Sacramento River Nutrient Change Study 2019

Photo Gallery
Map of the stations and transects sampled for the Sacramento River Nutrient Change StudyCrew from Regional San, Applied Marine Sciences, Inc., and US Geological Survey onboard Regional San vessel “Guardian” and USGS vessel “Mudslinger.” (Photo: Tamara Kraus, USGS)Crew from Regional San, Applied Marine Sciences, Inc., and San Francisco State University onboard Regional San vessel “Guardian.” (Photo: Tamara Kraus, USGS)Crew from Regional San, Applied Marine Sciences, Inc., and San Francisco State University onboard the SFSU vessel “Twin Vee.” (Photo: Lisa Thompson)Sharon Merker (Regional San – Wastewater Source Control Section) with a haul of clams from the Sacramento River. (Photo: Lisa Thompson)Water quality mapping system onboard the Regional San vessel “Guardian.” (Photo: Tim Mussen)Mokelumne River (connector between New Hope Landing and Miller’s Ferry). (Photo: Tim Mussen)US Geological Survey vessel “Landsteiner” conducting a high-frequency water quality mapping run. (Photo: Tim Mussen)Tim Mussen operating the high-frequency water quality mapping system onboard the Regional San vessel “Guardian.” (Photo: Lisa Thompson)Tim Mussen and James Noss with high-frequency water quality mapping system onboard the Regional San vessel “Guardian.” Photo: Lisa Thompson)

Regional San staff and collaborators are studying the potential environmental effects of a change in nutrient loading to the Sacramento River in September 2019, which resulted from a wastewater hold at the Sacramento River Wastewater Treatment Plant (SRWTP). This hold, which was planned as part of the EchoWater Project construction process, prevented treated wastewater from entering the Sacramento River for 48 hours. Given the relatively high river flows in 2019, the hold created a zone of wastewater-free river water over 20 miles long in the lower Sacramento River. The wastewater-free zone also stretched into nearby channels with differing water flows and turbidity, including Georgiana Slough, the North Fork Mokelumne River, and the South Fork Mokelumne River. Scientists used a small fleet of four research boats to collect water samples in all these river regions before and during the wastewater hold.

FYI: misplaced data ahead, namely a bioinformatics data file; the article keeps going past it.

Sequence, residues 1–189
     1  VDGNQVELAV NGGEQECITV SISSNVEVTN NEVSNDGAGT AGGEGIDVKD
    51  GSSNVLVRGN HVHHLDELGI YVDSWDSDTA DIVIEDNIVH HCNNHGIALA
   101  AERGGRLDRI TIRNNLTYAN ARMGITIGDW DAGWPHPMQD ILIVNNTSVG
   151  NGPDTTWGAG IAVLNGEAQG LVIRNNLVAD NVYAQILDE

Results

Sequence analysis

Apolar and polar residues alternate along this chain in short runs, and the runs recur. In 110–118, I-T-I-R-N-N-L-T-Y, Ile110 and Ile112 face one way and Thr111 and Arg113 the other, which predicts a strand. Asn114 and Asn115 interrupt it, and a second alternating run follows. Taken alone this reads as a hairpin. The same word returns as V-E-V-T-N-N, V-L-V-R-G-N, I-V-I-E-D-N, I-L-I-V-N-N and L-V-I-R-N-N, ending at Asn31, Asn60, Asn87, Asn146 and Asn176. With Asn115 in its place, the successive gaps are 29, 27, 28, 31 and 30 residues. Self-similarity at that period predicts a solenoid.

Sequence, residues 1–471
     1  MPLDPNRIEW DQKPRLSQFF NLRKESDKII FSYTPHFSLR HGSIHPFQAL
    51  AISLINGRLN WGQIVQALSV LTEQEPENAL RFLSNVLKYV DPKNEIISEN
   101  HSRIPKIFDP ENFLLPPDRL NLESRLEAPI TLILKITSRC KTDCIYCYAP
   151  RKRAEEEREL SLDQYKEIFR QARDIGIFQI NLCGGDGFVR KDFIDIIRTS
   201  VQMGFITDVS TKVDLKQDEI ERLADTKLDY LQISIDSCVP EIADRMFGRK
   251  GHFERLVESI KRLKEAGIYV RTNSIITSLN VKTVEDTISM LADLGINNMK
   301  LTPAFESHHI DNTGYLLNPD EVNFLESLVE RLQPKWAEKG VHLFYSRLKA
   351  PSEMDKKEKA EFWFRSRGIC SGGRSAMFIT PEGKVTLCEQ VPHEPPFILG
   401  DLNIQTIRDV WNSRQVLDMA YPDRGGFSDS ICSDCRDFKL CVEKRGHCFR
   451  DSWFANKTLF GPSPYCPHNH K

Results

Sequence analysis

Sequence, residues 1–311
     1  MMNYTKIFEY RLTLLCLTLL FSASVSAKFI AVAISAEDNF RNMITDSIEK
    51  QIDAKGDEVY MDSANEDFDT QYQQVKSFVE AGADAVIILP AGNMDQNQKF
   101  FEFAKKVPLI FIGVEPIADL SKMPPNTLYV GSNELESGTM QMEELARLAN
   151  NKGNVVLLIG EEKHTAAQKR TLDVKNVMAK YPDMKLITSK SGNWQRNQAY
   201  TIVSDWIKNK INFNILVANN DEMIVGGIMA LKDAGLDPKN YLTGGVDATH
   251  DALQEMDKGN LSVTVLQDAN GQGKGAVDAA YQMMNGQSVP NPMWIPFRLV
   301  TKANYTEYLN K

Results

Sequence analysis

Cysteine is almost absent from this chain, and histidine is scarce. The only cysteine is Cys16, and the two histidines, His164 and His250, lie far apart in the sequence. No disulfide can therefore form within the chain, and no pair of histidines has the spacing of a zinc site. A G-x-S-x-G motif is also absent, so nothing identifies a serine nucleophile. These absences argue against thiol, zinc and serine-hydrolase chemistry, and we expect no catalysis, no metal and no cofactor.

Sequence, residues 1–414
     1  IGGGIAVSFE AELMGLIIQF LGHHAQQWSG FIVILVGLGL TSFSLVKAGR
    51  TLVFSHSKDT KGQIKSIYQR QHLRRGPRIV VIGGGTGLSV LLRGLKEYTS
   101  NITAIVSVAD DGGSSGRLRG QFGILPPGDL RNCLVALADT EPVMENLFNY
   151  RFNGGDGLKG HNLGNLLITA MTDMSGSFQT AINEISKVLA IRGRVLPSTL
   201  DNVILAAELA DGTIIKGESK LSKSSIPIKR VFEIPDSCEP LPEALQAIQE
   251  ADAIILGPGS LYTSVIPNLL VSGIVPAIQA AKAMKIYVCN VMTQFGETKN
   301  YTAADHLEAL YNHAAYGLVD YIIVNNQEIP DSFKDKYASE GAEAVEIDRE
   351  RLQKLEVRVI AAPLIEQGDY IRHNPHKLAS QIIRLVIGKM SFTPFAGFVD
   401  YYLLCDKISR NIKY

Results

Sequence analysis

Sampling included:

  • Hydrodynamic (Water Flow) Modeling (Resource Management Associates)
  • High Frequency Water Quality Boat Mapping (US Geological Survey)
  • Water Quality Sampling and Laboratory Analysis (Regional San)
  • Plankton Enumerations (BSA Environmental Services, Inc.)
  • Phytoplankton Carbon Uptake (to determine growth rates) (Applied Marine Sciences, Inc.)
  • Zooplankton Growth (San Francisco State University)
  • Clam Collection and Analysis (Regional San and Applied Marine Sciences, Inc.)

Data and hydrodynamic modeling will be used to evaluate how phytoplankton (small aquatic plants) and zooplankton (tiny aquatic animals) responded to changes in physical and biological factors during the study. These factors include differences in nutrient loads and forms, water residence times, light levels, turbidity, and grazing by zooplankton and clams. It is important to understand the conditions regulating phytoplankton and zooplankton growth in the watershed because these organisms are a primary food source to the Delta’s ecosystem.

This study is jointly funded by the Delta Regional Monitoring Program, State Water Contractors, and US Bureau of Reclamation, with in-kind contributions from Regional San and the US Geological Survey.

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